Gonadotrophin-induced abnormalities in sheep oocytes after superovulation

in Reproduction

Summary. The development of preovulatory follicles involves an initial phase of somatic cell differentiation and a final phase, initiated by the LH surge, when both the somatic and germinal compartments alter. Abnormalities in this pattern of compartmental development after superovulation have been identified by examining follicles from control, PMSG- and FSH-treated sheep. The pattern of proteins synthesized by oocytes from untreated sheep did not differ after culture of follicles in hormone-free medium from that of germinal vesicle oocytes in vivo. Similarly, 93·5% of oocytes from sheep injected with a pituitary gonadotrophin (FSH-P) synthesized the unchanged germinal vesicle pattern of proteins during culture in an hormonally neutral culture environment. By contrast, the administration of the placental gonadotrophin, PMSG, induced in 28% of oocytes changes in the pattern of synthesis which are normally associated with maturation. An examination of follicular steroidogenesis showed that both total output and particularly oestrogen secretion was over twice as high in follicles from PMSG-treated as compared with FSH-treated animals (P < 0·01).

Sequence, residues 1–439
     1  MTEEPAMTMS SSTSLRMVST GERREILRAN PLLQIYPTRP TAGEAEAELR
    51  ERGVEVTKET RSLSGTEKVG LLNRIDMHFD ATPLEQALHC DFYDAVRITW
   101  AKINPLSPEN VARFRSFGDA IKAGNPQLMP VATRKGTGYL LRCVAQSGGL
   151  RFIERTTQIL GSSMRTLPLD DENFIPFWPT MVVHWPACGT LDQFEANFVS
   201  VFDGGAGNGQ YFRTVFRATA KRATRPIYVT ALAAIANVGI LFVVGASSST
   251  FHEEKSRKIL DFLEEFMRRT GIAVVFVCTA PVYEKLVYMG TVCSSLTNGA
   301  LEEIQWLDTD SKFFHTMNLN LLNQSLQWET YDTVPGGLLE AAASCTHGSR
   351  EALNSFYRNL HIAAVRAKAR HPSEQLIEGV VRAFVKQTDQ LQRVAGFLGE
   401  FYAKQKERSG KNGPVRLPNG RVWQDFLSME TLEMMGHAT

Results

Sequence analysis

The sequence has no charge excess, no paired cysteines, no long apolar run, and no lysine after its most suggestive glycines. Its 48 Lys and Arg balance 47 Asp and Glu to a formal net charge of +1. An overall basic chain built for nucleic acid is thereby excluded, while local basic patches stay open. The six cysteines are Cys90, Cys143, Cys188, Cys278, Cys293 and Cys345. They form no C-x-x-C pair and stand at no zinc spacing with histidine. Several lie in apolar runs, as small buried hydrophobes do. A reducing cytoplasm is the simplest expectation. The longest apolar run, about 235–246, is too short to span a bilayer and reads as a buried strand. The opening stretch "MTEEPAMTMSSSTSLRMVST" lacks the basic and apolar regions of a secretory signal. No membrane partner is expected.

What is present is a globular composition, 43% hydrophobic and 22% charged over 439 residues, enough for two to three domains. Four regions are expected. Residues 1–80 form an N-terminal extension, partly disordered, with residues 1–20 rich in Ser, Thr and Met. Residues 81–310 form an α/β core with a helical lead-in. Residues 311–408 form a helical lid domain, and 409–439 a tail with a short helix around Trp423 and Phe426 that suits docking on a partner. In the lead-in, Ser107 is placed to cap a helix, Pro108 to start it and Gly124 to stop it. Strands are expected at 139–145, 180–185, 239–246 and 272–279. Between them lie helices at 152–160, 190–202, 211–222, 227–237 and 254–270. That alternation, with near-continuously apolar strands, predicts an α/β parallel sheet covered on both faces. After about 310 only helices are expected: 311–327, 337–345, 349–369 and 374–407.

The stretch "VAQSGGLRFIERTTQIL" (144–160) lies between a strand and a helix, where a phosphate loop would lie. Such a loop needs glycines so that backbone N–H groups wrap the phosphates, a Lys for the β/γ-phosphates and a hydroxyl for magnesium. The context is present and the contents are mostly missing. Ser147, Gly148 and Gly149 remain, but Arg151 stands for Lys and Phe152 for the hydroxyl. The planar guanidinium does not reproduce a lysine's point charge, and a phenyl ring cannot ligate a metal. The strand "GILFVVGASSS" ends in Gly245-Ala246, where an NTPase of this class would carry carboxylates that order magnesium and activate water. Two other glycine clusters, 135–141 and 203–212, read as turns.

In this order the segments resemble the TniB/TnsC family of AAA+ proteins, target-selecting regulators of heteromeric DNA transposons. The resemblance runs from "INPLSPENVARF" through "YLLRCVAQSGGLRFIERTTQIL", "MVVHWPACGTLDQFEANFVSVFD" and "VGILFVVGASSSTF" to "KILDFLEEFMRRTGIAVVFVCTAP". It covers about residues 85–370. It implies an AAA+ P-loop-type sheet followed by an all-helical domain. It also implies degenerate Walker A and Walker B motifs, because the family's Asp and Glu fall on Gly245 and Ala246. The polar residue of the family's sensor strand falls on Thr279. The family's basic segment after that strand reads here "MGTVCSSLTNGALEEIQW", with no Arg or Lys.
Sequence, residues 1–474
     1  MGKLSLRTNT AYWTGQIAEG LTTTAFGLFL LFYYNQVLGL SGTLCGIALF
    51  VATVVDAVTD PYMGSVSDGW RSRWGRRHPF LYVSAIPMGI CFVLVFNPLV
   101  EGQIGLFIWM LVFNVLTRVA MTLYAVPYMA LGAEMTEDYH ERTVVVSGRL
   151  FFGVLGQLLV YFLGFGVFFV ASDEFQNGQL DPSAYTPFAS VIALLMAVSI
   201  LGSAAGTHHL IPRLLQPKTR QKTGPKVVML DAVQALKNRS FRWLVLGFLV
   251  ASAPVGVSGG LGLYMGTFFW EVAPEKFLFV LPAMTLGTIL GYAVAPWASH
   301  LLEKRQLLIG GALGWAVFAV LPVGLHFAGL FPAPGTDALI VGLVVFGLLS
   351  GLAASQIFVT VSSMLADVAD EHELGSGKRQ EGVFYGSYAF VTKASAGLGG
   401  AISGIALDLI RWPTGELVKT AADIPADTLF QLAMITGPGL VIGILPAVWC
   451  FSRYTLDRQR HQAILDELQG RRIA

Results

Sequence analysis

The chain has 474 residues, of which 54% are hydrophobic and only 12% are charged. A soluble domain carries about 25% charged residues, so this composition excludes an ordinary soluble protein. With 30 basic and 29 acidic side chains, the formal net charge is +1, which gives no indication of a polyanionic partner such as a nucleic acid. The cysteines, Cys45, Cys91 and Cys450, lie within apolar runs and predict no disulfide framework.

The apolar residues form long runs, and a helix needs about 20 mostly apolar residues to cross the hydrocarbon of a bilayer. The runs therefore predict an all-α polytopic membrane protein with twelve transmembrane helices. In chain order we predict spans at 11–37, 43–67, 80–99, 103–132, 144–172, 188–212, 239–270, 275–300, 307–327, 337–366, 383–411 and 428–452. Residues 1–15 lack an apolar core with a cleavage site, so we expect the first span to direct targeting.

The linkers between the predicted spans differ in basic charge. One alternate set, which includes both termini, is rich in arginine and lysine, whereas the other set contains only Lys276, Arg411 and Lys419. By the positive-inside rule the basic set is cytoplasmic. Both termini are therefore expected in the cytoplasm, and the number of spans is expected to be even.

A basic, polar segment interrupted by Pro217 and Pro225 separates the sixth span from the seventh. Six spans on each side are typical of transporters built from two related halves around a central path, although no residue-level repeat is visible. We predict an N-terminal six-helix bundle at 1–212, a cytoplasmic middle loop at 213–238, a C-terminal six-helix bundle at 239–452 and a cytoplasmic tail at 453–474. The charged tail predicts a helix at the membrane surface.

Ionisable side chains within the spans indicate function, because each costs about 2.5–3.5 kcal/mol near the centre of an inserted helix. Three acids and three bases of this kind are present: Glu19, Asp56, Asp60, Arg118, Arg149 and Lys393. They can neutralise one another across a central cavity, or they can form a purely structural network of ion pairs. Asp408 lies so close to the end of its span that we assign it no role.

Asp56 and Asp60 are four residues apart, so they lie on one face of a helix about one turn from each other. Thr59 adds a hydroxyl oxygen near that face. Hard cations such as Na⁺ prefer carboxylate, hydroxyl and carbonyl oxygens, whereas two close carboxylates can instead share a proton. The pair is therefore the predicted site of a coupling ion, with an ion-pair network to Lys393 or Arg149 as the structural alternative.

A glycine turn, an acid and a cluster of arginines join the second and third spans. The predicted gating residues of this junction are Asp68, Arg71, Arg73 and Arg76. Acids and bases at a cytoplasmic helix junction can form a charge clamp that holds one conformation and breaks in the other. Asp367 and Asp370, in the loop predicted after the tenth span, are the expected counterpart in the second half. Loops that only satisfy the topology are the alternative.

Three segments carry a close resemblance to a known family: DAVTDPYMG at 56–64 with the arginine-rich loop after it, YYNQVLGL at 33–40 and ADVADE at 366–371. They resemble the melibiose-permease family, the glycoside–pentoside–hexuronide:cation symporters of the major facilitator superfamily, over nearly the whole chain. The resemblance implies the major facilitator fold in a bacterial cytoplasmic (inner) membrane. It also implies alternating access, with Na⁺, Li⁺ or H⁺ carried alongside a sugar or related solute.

We conclude that the compartmental pattern of development and steroidogenesis is grossly perturbed in many follicles from PMSG-treated animals. Premature activation of the germinal compartment results in aged or abnormal oocytes and a hostile reproductive tract.

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    Society for Reproduction and Fertility

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